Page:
Quotations About / On: FRIEND

  • 61.
    Money couldn't buy friends, but you got a better class of enemy.
    (Spike Milligan (b. 1918), British comedian, humorous writer. Mrs. Doonan, in Puckoon, ch. 6 (1963).)
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  • 62.
    Health, south wind, books, old trees, a boat, a friend.
    (Ralph Waldo Emerson (1803-1882), U.S. essayist, poet, philosopher. Emerson in His Journals, March 1847, ed. Joel Porte (1982).)
    More quotations from: Ralph Waldo Emerson, friend, wind
  • 63.
    In a multitude of acquaintances is less security, than in one faithful friend.
    (Herman Melville (1819-1891), U.S. author. Mardi (1849), ch. 61, The Writings of Herman Melville, vol. 3, eds. Harrison Hayford, Hershel Parker, and G. Thomas Tanselle (1970).)
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  • 64.
    Where minds differ and opinions swerve there is scant a friend in that company.
    (Elizabeth I (1533-1603), British monarch, Queen of England (1558-1603). As quoted in The Sayings of Queen Elizabeth, ch. 11, by Frederick Chamberlin (1923).)
    More quotations from: Elizabeth I, friend
  • 65.
    Do not trouble yourself much to get new things, whether clothes or friends.
    (Henry David Thoreau (1817-1862), U.S. philosopher, author, naturalist. Walden (1854), in The Writings of Henry David Thoreau, vol. 2, p. 361, Houghton Mifflin (1906).)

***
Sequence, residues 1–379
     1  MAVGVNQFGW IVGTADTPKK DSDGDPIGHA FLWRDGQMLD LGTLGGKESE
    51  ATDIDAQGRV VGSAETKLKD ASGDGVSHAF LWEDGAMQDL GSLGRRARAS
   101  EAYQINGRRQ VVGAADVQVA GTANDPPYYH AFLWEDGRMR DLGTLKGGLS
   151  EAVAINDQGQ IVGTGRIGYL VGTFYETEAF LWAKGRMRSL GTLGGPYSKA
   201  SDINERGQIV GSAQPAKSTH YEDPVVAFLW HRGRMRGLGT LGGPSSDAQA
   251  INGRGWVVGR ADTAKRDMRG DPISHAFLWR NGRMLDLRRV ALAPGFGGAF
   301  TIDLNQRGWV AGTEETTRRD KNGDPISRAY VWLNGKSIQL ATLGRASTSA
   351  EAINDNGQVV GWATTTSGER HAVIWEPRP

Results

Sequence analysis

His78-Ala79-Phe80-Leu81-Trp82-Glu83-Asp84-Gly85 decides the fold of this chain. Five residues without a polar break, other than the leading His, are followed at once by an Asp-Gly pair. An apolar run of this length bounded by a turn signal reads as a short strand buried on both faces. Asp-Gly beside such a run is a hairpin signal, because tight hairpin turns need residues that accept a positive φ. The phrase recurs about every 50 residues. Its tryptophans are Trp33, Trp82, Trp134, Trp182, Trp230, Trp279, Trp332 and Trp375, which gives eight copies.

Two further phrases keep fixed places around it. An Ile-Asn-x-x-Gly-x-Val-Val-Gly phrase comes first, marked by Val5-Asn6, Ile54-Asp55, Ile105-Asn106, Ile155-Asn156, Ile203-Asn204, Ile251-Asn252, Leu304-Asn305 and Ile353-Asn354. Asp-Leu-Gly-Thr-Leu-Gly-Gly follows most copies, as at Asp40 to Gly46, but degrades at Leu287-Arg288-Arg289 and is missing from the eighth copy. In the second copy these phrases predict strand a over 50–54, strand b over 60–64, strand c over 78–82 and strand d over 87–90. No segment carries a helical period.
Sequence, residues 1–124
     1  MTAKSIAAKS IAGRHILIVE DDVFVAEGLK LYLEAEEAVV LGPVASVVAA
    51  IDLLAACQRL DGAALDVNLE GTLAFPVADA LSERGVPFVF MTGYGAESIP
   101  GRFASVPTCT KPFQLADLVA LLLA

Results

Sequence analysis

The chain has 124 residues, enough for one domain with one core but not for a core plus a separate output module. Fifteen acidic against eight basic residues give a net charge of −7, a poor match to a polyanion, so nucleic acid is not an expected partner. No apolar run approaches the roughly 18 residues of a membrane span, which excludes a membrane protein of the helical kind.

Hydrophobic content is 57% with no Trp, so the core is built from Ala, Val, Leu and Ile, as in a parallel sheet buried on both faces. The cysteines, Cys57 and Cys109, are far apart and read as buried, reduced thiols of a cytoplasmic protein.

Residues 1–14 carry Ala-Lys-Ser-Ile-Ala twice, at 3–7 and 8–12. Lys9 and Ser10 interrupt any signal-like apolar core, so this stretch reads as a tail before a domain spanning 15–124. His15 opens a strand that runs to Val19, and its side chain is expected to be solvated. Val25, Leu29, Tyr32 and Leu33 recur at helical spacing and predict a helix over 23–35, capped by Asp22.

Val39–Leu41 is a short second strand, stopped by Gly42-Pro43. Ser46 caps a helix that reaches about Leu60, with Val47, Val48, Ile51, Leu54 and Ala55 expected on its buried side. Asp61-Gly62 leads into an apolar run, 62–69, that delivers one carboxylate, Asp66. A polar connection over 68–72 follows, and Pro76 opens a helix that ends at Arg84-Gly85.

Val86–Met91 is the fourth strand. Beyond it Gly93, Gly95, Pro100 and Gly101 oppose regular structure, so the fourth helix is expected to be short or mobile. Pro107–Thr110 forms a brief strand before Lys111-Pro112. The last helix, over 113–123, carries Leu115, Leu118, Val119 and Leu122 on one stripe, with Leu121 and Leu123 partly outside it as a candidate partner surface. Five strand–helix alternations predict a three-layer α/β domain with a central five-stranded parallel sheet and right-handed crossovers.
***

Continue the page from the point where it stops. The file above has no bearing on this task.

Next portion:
More quotations from: Henry David Thoreau
  • 66.
    A benevolent man should allow a few faults in himself, to keep his friends in countenance.
    (Benjamin Franklin (1706-1790), U.S. statesman, writer. Autobiography, ch. 6 (written 1771-1790, publ. 1868).)
    More quotations from: Benjamin Franklin
  • 67.
    A Friend is one who incessantly pays us the compliment of expecting from us all the virtues, and who can appreciate them in us.
    (Henry David Thoreau (1817-1862), U.S. philosopher, author, naturalist. A Week on the Concord and Merrimack Rivers (1849), in The Writings of Henry David Thoreau, vol. 1, p. 283, Houghton Mifflin (1906).)
    More quotations from: Henry David Thoreau, friend
  • 68.
    There are times when we have had enough even of our Friends.
    (Henry David Thoreau (1817-1862), U.S. philosopher, author, naturalist. A Week on the Concord and Merrimack Rivers (1849), in The Writings of Henry David Thoreau, vol. 1, p. 288, Houghton Mifflin (1906).)
    More quotations from: Henry David Thoreau
  • 69.
    Our actual Friends are but distant relations of those to whom we are pledged.
    (Henry David Thoreau (1817-1862), U.S. philosopher, author, naturalist. A Week on the Concord and Merrimack Rivers (1849), in The Writings of Henry David Thoreau, vol. 1, p. 281, Houghton Mifflin (1906).)
    More quotations from: Henry David Thoreau
  • 70.
    We walk alone in the world. Friends, such as we desire, are dreams and fables.
    (Ralph Waldo Emerson (1803-1882), U.S. essayist, poet, philosopher. "Friendship," Essays, First Series (1841, repr. 1847).)
    More quotations from: Ralph Waldo Emerson, alone, world
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